Anyway, in order to succeed with his primary domestic economic agenda — upon the success or failure of which the American people will judge him come re-election time — President Obama will have to find a way to get around the rampant Pentagram careerism, inter-service budgetary collusion (everybody always gets the same and more), corporate-contractor camp followers, and so on and so forth. I learned all about this sort of thing during my seemingly endless six years of enlisted indentured penury/servitude in Uncle Sam’s Canoe Club (a.k.a., the United States Navy) — and the last year-and-a-half in Vietnam taught these lessons to me for a lifetime. Consequently, I easily understood and vociferously opposed the twin debacles of Afghanistan and Iraq from their very inception. My experiences in Vietnam taught me everything I ever needed to know about the Lunatic Leviathan, which doesn’t give much of damn about whom or what it tramples over in its blind belligerence. I learned long ago about what the Vietnamese, Afghans, and Iraqis — indeed most of the intelligent world — know about America and its Lunatic Leviathan military, expressed best to me by a former ambassador to America and France from Sri Lanka. Said this distinguished gentleman: “If the Americans come, they will draw an arbitrary line through a temporary problem and make both permanent.”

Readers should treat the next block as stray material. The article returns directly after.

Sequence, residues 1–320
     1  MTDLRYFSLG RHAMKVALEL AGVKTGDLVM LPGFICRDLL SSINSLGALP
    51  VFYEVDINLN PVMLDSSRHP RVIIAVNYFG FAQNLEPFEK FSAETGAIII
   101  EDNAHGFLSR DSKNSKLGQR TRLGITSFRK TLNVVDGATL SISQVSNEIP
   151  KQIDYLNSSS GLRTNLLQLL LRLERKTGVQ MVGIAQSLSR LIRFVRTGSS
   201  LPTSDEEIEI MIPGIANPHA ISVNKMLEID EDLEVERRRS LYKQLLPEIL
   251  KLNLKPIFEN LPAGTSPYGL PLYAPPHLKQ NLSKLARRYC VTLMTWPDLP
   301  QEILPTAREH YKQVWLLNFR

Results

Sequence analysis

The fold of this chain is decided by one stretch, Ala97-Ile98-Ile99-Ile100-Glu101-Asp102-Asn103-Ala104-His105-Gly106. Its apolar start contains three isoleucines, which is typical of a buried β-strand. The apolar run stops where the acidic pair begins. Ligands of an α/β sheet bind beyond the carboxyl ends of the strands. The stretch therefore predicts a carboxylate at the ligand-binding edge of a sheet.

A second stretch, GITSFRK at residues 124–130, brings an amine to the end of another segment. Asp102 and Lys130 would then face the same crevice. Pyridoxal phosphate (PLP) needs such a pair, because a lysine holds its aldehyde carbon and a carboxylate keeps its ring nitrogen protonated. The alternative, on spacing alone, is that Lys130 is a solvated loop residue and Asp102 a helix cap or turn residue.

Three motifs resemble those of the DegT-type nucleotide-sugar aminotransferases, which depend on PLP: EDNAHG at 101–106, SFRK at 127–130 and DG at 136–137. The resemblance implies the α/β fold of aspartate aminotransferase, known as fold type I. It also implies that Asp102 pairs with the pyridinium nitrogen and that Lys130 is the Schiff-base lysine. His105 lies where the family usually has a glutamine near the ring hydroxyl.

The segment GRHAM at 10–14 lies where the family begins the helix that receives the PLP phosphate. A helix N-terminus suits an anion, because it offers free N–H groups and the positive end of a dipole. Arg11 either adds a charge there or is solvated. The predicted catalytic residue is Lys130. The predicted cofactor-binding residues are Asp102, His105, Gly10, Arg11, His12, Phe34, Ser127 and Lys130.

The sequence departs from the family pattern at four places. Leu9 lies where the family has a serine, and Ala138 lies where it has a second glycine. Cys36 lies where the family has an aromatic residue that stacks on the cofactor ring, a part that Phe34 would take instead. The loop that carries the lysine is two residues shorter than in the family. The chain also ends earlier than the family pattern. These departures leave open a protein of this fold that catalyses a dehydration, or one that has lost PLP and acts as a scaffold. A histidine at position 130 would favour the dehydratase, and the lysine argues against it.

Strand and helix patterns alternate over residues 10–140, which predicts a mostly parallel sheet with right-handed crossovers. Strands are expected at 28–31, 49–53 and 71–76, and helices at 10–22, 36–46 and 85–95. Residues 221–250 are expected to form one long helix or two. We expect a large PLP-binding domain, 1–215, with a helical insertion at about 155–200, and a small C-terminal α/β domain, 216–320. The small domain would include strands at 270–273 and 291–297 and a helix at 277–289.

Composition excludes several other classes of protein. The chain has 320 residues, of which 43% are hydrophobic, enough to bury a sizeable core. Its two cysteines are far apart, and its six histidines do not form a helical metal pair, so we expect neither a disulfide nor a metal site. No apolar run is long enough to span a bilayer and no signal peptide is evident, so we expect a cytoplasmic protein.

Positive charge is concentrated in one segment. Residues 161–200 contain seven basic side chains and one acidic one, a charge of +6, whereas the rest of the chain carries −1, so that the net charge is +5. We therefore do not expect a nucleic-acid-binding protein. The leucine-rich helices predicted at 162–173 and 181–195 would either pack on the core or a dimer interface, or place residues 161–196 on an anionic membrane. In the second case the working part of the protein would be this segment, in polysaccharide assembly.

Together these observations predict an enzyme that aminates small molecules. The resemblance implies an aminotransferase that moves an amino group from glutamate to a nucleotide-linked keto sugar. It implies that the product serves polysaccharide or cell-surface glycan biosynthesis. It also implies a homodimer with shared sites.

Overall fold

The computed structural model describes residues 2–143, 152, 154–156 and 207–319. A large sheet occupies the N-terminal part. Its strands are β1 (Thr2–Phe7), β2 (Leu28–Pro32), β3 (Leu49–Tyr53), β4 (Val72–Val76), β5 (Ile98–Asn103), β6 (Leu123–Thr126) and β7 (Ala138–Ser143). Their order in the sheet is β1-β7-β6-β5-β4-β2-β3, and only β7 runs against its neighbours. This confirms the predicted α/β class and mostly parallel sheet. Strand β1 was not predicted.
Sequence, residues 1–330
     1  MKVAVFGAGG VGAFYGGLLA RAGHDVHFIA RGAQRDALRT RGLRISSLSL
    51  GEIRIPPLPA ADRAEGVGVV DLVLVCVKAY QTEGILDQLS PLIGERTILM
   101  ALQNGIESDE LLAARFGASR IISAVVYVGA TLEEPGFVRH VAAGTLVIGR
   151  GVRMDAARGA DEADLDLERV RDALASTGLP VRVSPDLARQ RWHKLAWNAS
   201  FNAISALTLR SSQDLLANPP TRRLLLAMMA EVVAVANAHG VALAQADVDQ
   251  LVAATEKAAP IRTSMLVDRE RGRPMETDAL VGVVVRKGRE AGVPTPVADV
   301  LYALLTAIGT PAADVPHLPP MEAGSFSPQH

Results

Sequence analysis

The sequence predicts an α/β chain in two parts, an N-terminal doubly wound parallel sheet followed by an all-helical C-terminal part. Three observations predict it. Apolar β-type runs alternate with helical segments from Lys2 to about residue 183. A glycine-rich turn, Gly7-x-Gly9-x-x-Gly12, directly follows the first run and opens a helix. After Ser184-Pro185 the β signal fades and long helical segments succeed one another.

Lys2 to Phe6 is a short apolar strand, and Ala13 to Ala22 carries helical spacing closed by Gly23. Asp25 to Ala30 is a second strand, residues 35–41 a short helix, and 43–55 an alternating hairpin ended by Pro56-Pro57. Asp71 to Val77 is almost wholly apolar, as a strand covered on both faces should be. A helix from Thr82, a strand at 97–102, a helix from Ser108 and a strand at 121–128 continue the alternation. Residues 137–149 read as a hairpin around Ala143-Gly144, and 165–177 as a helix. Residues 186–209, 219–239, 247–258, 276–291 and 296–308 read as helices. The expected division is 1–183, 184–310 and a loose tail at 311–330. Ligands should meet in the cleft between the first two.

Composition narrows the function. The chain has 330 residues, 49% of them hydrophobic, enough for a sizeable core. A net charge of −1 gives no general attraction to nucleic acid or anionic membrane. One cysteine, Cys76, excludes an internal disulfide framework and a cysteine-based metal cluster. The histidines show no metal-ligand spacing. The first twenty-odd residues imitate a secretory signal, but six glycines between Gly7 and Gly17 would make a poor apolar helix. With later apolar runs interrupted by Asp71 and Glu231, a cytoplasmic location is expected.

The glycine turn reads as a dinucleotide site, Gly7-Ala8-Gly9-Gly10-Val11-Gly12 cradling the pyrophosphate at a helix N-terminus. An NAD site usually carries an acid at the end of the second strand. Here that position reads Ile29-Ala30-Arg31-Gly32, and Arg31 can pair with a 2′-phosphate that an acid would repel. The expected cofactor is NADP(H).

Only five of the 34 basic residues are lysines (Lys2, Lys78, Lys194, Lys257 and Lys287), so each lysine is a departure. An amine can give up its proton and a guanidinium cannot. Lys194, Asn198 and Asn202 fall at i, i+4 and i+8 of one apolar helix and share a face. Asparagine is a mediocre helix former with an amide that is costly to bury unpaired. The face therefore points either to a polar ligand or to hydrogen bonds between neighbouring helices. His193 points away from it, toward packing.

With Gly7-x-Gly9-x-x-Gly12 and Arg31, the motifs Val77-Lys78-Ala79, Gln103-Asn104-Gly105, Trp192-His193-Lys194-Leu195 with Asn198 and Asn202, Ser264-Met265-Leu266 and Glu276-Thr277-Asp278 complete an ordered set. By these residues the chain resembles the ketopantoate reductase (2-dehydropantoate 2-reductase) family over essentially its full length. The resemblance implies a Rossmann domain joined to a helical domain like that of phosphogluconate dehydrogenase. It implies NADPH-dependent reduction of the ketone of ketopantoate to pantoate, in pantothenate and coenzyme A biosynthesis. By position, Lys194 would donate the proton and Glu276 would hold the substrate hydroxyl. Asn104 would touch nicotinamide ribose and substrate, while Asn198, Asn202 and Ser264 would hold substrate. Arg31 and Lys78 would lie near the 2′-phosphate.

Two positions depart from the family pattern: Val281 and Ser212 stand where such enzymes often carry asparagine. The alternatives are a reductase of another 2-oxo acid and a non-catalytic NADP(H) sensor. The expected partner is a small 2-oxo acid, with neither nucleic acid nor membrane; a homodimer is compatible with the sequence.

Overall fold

I claim that Vietnam, Iraq, and Aghanistan perfectly illustrate this truism, no matter what superficial differences one can discern among the various victims from place to place and time to time. Like I’ve heard many another veteran say after surviving service in the American military: “I wouldn’t take a million dollars for the experience, but I also wouldn’t pay two cents to live one minute of it over again.” Thus, I (properly) never wanted to live Vietnam over again in Iraq and Afghanistan. Too bad so many of my countrymen never lived through the first disaster so they eagerly fell prey to the second and third ones.